Move to Egypt
In 1931 she moved to Egypt after Emam Abdel Meguid, by now a teacher of English, asked her to marry him. On arriving in Egypt, she kissed the ground and announced she had come home to stay. The couple stayed in Cairo and her husband's family gave her the nickname "Bulbul" (Nightingale). Their son was named Sety, from which is derived her popular name 'Omm Sety' ("Mother of Sety"). After a chance meeting with George Reisner's secretary, who commented on her apparent ability to charm snakes and told her that spells on such powers were in early ancient Egyptian literature, Omm Sety visited the Fifth Dynasty pyramid of Unas. Klaus Baer recalled her piety when she accompanied him on a visit to Sakkara in the early 1950s, when she brought an offering and took off her shoes before entering Unas' pyramid. She continued to report apparitions and out-of-body experiences during this time, which caused friction with the upper-middle-class family she had married into.
Hor-Ra's story of her life
During her early period she reported night time visitations by an apparition of Hor-Ra. He slowly dictated to her, over a twelve-month period, the story of her previous life. The story took up around seventy pages of cursive hieroglyphic text. It described the life of a young woman in ancient Egypt, called Bentreshyt, who had reincarnated in the person of Dorothy Eady. Bentreshyt ("Harp of Joy") is described in this text as being of humble origin, her mother a vegetable seller and her father a soldier during the reign of Seti I (c.1290 BC to 1279 BC). When she was three, her mother died, and she was placed in the temple of Kom el-Sultan because her father couldn't afford her. There, she was brought up to be a priestess. When she was twelve years old the High Priest asked her if she wished to go out into the world or stay and become a consecrated virgin. In the absence of full understanding and without a practical alternative, she took the vows.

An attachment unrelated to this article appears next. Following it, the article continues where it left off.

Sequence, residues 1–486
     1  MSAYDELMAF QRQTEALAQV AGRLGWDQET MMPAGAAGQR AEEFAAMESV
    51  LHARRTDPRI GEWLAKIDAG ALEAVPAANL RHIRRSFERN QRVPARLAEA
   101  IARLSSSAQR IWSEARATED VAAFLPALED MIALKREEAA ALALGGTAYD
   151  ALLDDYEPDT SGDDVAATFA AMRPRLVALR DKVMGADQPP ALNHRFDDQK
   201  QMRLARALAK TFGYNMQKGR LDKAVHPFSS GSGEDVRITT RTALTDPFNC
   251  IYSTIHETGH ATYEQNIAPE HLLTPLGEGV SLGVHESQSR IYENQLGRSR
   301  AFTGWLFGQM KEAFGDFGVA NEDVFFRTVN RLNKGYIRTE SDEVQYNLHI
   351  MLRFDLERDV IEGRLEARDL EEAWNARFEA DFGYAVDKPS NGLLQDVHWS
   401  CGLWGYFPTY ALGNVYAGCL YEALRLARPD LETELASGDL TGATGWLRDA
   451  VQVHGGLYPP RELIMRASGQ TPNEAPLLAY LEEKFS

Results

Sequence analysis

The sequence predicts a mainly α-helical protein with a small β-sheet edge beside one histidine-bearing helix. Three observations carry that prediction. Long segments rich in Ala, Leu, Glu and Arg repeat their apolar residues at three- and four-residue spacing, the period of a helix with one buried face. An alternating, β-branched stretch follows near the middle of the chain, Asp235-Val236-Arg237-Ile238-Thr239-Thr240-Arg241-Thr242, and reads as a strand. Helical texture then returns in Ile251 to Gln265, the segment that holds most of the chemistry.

During the next two years, she learned her role in the annual drama of Osiris's passion and resurrection, a role that only virgin priestesses consecrated to Isis could perform. One day Seti I visited and spoke to her. They became lovers, eating "the uncooked goose," an ancient Egyptian term that has been compared to "eating the forbidden fruit." When Bentreshyt became pregnant she told the High Priest who the father was. The High Priest informed her that the gravity of the offence against Isis was so terrible that death would be the most likely penalty at a trial. Unwilling to face the public scandal for Seti, she committed suicide rather than face trial.